I had a great plan. I would finish up my two weeks at Khalibre and take a few more weeks to relax before starting my role at the school. I wanted to travel through Cambodia a little bit and through different parts of Phnom Penh, riding and exploring as I like to do. But my plan didn’t happen.
In early April, Jeanine and I took a few days of vacation in Kampot, a small city in Southern Cambodia. We go there to get out of the hustle and bustle of Phnom Penh to rest and enjoy a bit of nature on the outskirts of the city. A few days of kayaking, swimming, and lots of relaxation was what we needed. We decided to go out to dinner at a restaurant we were familiar with inside of the city. This decision ended up changing everything.
With less traffic than Phnom Penh, Kamot traffic tends to go a little faster. Consequently, the drivers are more careless. A simple left turn resulted in a disastrous problem. We turned left while the guy speeding past us was going straight. He struck our moto hard, forcing us to hit the ground. I remember seeing him flash briefly in the mirror, then the mirror itself was gone. The next thing I know, Jeanine and I were both on the stiff, dirty asphalt. Not quite yet feeling the pain, I was on my feet panicked that my wife was hurt. She too made it to her feet, somewhat in shock trying to figure out what happened. She was a little dizzy, but alright. A few scrapes on her knees and some bruising were the result.
Then my pain struck. I realized I couldn’t breathe. I leaned onto my knees gasping for air, which hurt when it filled my lungs. I didn’t even notice the skin was torn from my foot and elbow from skidding across the coarse road. My foot was numb, and I could see my big toe turning blue.
Determined to finish our vacation, I went a few more days with a numb foot and home-dressed wounds. Eventually I made it to the clinic to confirm from x-rays my toe was in fact fractured. The road rash cuts were deep and needed consistent care and bandage changes. The pain was significant and was bearable only when elevating my foot.
Consequently, my last two weeks working at Khalibre were done from my bed. I was angry. So much time and investment with the staff there, and I wouldn’t be able to spend my last days with them side by side. Only from the impersonal methods of Zoom calls and live chats. Although I dreaded saying goodbye to them, I wanted to spend as much time as I could with my dear friends there, my mentees. Not being in the office was like I had already gone.
After my last day, I was looking forward to a few weeks to explore. But that didn’t happen. I couldn’t ride a moto. I was dependent on crutches to stand or walk. Simply going to the clinic for new bandages and checkups was difficult in a tuk tuk. I was not happy that my plan was spoiled. I was asking God why this happened, bitter about my circumstances. But I didn’t get an answer.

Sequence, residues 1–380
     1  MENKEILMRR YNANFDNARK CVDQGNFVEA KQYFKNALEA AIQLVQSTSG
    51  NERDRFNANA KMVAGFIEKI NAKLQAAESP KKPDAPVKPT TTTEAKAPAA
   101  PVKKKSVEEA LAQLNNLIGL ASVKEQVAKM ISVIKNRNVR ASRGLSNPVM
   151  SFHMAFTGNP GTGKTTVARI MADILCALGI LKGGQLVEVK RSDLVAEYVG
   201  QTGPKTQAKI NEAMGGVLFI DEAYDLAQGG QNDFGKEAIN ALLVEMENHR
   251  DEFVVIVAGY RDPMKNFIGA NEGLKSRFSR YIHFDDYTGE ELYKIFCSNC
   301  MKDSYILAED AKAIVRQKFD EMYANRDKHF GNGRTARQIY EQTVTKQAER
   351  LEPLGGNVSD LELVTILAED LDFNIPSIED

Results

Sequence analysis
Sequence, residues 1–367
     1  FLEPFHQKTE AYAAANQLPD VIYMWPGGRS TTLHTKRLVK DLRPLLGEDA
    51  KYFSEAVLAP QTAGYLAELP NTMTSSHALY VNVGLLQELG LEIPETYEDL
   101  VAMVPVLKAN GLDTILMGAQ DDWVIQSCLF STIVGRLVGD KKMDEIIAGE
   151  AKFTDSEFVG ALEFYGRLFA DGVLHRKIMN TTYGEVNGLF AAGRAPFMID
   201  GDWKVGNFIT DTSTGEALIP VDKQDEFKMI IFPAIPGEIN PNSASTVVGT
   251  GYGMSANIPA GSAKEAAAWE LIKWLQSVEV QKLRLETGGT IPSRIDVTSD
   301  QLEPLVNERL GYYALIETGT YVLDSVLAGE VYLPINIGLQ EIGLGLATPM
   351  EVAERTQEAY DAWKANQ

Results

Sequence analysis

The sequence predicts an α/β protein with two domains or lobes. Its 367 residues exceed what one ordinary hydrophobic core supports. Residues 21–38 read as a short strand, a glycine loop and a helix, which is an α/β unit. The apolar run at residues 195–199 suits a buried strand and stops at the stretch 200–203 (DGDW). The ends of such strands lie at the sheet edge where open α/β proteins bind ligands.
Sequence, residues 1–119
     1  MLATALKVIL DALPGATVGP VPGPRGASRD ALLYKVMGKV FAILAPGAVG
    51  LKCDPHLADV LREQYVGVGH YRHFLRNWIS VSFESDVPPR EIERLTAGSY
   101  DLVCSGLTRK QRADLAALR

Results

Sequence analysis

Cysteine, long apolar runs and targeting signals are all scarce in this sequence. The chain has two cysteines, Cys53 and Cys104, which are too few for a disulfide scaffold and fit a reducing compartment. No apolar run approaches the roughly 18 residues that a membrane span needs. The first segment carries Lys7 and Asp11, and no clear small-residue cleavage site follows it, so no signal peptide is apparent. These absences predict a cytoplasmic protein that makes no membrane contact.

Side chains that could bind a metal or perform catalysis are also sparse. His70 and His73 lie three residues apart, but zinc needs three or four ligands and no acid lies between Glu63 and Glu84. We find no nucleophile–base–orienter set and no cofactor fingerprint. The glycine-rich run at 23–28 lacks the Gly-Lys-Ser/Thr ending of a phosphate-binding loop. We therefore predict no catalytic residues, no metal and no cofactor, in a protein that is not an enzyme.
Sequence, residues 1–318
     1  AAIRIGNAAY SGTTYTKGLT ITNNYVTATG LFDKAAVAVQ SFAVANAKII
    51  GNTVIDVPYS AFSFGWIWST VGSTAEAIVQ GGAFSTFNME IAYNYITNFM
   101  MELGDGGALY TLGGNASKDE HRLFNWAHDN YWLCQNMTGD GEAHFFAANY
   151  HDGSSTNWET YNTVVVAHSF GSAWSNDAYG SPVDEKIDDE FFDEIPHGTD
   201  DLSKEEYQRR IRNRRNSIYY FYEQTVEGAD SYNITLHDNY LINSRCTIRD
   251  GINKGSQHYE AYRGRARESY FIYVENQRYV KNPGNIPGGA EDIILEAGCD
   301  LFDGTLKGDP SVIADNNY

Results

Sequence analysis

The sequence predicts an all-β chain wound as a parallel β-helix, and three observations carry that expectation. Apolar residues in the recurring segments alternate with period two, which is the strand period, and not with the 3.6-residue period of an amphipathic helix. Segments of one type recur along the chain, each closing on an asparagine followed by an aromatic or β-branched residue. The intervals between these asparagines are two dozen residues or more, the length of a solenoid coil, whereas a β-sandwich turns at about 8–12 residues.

Five weeks after the injury, I was convinced I could be free from the crutches and be able to start my new job on my own feet without aid. One last x-ray showed I was not yet healed, and that I had a few more weeks to go with the walking aids. I was disappointed, but it was easier to accept the fate and embrace my reality. Perhaps because I expected it, or maybe I was used to having to live that way. Still wondering, I asked God again why this happened. This time, I got an answer.
I realized that by not having the last two weeks in the office at Khalibre actually made things easier. I didn’t have to go through the anticipation of counting down the last few days with the staff. I was already very emotional about leaving and it would have been severely difficult to endure the heaviness of those emotions. The time spent at home instead of travelling and exploring gave me real rest. It was a complete disruption of my daily life, forcing me to create a new process. The change allowed me to walk away from my previous job and all the emotions that were with it, good and bad. It forced me to walk away from routines and start fresh in the new role at the school. It was like I was starting all over. That time was a true sabbatical: no agenda, no timelines, no pressures. Without knowing it beforehand, it was what I needed.
Sometimes things happen to us that we don’t understand. Pain and suffering is difficult. Our plans don’t always work out. Our lives can turn upside down. But our Father in heaven knows us, better than we know ourselves. We can trust Him.
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